With no formal coaching or advising I began to read about training for running, and the different ways in which athletes approached the sport. Having spent many years with strength training as my foundation or mode of fitness, it was not something I was willing to give up or even begin to replace. Thus, trail running became what I did on my own, every other day. Running 18-20 miles per week provided me with a nice balance. Having a lot of recovery is beneficial when beginning a new sport or any fitness regiment. We call this “absorption”. The “rest” allows us to soak up the workouts and build excitement and anticipation for the next outing. Looking back, this is why we often perform so well in new activities. Absent of the expectation of performance a person simply flows and consistently does their best, not knowing what that is or what it can be.

Week Flow:

  • Monday: Strength / Cross-Train
  • Tuesday: Run 6 miles
  • Wednesday: Strength / Cross-Train
  • Thursday: Run 6 miles
  • Friday: Strength / Cross-Train
  • Saturday: Run/Hike 10+ miles or 2+ hours
  • Sunday: Rest

In the beginning I ran the same course, repeatedly. It was a nice distance, offering a variety of terrain: nice climbs, some short and steep, some long and gradual, with equal descents. The biggest factor was that I enjoyed it. I came to know every inch of the course, knowing my times from previous runs, and if I was “on” a good pace or not. Super simple, yet extremely effective.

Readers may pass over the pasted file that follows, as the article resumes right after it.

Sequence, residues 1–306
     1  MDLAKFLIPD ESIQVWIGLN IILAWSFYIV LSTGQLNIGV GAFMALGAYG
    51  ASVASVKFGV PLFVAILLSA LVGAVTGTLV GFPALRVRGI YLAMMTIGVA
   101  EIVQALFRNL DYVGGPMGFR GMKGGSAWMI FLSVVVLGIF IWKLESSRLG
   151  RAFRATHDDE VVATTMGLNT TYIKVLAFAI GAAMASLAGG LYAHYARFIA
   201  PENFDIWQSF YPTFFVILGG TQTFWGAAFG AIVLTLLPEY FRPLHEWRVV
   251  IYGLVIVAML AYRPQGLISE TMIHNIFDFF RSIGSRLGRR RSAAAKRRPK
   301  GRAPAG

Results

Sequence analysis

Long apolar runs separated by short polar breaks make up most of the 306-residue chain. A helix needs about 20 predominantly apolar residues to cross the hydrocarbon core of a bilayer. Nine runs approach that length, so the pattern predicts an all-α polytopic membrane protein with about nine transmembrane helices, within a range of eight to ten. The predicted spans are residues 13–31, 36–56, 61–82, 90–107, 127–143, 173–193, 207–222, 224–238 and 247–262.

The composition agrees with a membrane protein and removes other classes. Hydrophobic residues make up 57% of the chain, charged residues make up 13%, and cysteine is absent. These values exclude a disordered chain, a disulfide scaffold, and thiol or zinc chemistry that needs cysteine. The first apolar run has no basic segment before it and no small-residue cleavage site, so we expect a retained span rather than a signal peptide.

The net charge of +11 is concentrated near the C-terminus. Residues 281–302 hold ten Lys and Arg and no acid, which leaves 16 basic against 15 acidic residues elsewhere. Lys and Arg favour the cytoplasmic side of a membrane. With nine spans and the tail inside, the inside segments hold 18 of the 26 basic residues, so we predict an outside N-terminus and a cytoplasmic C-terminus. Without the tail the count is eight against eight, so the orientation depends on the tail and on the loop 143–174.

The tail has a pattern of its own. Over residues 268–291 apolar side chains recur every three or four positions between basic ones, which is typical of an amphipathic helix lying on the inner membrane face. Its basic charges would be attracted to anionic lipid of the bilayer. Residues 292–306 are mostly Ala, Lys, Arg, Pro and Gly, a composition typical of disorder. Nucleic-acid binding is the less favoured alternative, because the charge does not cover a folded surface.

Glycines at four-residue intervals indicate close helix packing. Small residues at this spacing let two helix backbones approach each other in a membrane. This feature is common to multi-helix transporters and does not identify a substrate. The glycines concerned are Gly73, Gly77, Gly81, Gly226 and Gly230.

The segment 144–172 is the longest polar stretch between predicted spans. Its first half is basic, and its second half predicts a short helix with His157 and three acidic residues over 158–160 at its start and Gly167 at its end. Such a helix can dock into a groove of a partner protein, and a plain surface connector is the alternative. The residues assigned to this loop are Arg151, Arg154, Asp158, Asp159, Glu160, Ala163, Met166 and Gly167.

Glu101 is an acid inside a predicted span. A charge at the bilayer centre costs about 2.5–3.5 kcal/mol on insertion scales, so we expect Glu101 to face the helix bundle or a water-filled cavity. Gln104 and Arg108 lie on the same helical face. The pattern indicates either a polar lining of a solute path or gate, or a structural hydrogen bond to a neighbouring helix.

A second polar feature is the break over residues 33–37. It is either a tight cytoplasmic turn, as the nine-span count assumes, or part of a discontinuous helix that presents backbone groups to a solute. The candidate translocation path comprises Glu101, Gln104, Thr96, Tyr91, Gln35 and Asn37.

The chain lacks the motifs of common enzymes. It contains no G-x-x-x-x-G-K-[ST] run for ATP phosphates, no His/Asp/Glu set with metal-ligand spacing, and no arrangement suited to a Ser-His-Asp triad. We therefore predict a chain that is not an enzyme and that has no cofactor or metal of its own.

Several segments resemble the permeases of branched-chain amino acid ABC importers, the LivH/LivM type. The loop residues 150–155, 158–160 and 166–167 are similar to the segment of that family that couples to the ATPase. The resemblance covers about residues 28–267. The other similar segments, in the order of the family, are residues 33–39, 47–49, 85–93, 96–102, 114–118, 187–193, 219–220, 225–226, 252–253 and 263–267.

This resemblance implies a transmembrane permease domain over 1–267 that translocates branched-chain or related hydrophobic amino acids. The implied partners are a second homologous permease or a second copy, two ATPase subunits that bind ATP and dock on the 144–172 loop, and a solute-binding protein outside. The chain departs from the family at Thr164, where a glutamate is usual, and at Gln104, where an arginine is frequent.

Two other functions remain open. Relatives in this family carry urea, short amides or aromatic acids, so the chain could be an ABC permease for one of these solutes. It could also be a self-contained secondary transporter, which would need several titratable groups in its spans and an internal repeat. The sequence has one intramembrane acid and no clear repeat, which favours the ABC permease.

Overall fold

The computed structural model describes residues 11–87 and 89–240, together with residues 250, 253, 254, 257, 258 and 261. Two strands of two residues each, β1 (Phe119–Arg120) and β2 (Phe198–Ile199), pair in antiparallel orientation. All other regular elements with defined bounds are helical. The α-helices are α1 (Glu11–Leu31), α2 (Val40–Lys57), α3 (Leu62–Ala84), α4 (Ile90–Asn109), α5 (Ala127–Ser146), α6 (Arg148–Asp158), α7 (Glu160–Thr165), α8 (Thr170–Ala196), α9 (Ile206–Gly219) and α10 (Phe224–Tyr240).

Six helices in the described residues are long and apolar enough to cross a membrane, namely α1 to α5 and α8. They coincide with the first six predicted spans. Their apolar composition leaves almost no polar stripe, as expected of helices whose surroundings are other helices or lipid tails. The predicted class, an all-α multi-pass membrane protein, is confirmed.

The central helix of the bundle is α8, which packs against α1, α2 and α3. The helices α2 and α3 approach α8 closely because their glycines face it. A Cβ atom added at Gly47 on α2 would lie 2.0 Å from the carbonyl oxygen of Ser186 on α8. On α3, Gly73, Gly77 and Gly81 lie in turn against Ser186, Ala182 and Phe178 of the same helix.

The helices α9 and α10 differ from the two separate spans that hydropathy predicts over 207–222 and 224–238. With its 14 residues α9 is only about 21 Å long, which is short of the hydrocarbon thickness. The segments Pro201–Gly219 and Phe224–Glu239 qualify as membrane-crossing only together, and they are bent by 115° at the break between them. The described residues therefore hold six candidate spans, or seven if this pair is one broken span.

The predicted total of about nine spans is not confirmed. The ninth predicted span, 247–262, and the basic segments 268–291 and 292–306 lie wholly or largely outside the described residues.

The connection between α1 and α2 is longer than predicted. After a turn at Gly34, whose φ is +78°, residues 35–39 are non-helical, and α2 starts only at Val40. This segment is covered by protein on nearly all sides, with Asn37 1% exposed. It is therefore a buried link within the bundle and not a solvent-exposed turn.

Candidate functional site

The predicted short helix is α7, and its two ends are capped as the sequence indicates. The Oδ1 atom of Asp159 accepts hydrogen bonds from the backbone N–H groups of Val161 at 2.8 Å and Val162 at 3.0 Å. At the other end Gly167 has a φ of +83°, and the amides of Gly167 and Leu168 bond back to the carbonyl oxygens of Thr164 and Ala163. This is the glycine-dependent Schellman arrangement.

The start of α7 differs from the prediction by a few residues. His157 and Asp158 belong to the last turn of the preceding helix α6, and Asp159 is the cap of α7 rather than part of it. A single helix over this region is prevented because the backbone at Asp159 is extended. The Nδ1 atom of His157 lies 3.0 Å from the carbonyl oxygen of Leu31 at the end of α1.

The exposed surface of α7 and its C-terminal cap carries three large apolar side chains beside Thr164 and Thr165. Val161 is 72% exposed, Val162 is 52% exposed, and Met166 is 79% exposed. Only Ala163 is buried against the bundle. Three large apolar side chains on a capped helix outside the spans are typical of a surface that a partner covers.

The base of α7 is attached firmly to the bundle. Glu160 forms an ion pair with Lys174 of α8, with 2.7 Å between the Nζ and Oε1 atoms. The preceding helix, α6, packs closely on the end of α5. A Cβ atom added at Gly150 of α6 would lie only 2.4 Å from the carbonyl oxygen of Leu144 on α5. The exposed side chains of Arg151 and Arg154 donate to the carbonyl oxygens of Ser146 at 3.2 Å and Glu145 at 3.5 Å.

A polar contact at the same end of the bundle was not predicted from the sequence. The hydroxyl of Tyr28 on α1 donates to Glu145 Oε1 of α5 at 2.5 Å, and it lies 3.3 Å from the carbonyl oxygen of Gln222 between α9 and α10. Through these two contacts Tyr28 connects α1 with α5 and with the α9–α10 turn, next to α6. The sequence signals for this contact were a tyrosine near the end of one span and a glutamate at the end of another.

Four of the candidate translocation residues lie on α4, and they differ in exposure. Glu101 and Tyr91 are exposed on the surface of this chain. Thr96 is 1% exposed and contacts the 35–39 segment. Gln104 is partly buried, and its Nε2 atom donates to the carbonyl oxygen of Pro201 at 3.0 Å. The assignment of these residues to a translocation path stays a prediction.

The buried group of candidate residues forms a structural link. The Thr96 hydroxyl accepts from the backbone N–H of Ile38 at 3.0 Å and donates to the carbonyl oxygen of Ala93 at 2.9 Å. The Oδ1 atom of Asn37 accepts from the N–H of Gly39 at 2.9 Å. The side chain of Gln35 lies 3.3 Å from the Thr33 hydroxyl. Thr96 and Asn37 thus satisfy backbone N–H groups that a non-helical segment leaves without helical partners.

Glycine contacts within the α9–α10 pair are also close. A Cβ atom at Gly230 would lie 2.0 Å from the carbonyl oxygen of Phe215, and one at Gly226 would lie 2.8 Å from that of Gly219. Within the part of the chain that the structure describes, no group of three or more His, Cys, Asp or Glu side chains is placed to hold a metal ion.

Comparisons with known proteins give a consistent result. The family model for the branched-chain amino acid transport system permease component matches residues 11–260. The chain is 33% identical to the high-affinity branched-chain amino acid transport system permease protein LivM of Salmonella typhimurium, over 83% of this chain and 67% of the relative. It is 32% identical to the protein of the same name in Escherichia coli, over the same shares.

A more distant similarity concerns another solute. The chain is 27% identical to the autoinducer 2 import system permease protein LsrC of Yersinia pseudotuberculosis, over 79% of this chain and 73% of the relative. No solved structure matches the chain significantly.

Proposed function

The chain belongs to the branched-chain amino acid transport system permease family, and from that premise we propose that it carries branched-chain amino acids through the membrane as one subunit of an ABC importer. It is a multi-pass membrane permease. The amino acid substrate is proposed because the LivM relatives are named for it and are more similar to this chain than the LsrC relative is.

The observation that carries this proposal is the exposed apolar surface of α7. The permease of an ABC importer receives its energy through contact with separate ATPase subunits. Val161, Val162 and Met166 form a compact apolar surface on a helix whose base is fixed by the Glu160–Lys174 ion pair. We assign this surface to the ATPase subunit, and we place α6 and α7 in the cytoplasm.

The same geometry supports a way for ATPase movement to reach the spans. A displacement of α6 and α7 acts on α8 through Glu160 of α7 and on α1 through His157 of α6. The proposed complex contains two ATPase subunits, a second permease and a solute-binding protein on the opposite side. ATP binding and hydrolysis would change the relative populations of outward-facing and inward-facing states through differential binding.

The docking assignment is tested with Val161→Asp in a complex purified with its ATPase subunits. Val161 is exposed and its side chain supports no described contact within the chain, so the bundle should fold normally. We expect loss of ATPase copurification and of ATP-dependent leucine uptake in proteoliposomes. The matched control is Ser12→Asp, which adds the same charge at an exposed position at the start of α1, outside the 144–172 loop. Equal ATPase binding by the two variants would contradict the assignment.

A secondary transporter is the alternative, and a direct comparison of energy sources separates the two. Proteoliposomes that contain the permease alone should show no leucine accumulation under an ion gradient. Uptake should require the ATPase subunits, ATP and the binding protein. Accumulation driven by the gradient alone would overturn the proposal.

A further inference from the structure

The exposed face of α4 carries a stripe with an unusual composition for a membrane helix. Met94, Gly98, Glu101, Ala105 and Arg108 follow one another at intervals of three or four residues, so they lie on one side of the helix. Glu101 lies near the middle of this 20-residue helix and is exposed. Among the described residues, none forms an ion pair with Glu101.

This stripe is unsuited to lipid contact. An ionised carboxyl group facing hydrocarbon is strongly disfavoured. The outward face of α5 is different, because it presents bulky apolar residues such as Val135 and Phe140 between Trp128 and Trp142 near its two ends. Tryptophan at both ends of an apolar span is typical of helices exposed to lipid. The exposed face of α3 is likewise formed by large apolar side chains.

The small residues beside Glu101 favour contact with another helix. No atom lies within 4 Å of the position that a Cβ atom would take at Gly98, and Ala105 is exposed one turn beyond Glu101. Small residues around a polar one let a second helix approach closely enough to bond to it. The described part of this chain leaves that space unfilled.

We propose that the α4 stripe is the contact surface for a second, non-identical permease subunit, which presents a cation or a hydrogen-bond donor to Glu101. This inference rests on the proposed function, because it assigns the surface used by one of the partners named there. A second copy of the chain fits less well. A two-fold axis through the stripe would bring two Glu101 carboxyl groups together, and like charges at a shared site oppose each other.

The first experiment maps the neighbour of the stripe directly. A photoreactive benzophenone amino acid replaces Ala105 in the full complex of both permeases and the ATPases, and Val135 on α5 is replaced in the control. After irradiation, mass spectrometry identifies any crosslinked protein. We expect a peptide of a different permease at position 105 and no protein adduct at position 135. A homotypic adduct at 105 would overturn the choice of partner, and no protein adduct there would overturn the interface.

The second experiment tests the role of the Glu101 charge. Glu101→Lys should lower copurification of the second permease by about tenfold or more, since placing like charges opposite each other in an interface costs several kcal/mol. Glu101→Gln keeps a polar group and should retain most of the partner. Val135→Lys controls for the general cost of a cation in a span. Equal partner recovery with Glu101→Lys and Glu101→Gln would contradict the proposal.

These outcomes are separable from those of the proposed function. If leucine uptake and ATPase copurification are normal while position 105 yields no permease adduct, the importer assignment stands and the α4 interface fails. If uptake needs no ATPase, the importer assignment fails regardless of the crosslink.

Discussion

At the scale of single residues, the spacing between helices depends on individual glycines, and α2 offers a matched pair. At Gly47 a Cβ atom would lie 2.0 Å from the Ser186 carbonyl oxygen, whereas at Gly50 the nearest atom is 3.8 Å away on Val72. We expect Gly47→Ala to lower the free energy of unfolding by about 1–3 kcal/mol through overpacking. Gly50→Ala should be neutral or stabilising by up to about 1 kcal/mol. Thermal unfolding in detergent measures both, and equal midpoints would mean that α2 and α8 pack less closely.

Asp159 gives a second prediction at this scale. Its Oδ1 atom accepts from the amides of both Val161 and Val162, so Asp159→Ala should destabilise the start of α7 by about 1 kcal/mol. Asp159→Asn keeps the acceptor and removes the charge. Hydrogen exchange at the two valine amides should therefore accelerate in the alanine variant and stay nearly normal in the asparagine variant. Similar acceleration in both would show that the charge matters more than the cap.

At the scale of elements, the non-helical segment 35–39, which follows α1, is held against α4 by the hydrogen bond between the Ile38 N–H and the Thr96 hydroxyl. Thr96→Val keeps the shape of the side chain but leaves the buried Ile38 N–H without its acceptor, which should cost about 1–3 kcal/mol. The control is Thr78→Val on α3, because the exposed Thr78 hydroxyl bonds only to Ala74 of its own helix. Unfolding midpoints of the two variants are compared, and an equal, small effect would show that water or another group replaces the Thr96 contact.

A balanced schedule allows you to continually build confidence and foster strong mental and physical growth. By focusing on the daily activity, being present each workout, you can then begin to assess the effectiveness of the training (sleep, nutrition, lifestyle choices, workouts, etc.).

Gradual lifestyle changes give time to ponder your true desire and intention of your new pursuit. Patience, with persistence, brings success.

A Cloud of Fatigue

Wednesday, mid-week, hump day, recovery day, etc. When analyzed from a work, business, or training perspective it’s easy to see why this day can be a tough one to make productive. As a runner, it’s like that 4th of 8 hill sprints. Already feeling the effects of the previous 3, and knowing you’ve got just as many left as you’ve completed, it’s the duty of the mind to force completion and execution.

On this day I back off and recover. All things flow as usual, but I remind myself that this fatigued state is where I want to be. It’s a part of the process. I’ll hydrate, eat well, read, make progress where I can, while working out moderately with a relaxed, complacent mind.

Why not push through and pound away you might ask? It’s detrimental. In order to go hard, with high quality, on Thursday, I must back off on Wednesday.

Accept fatigue as part of the process, but don’t be lost in the foggy cloud that comes with it. Plan ahead and stick to the process. Everything has a proper time and place. When it’s time for quality work to be done, make sure to be ready to execute!

Pursuing Peak Performance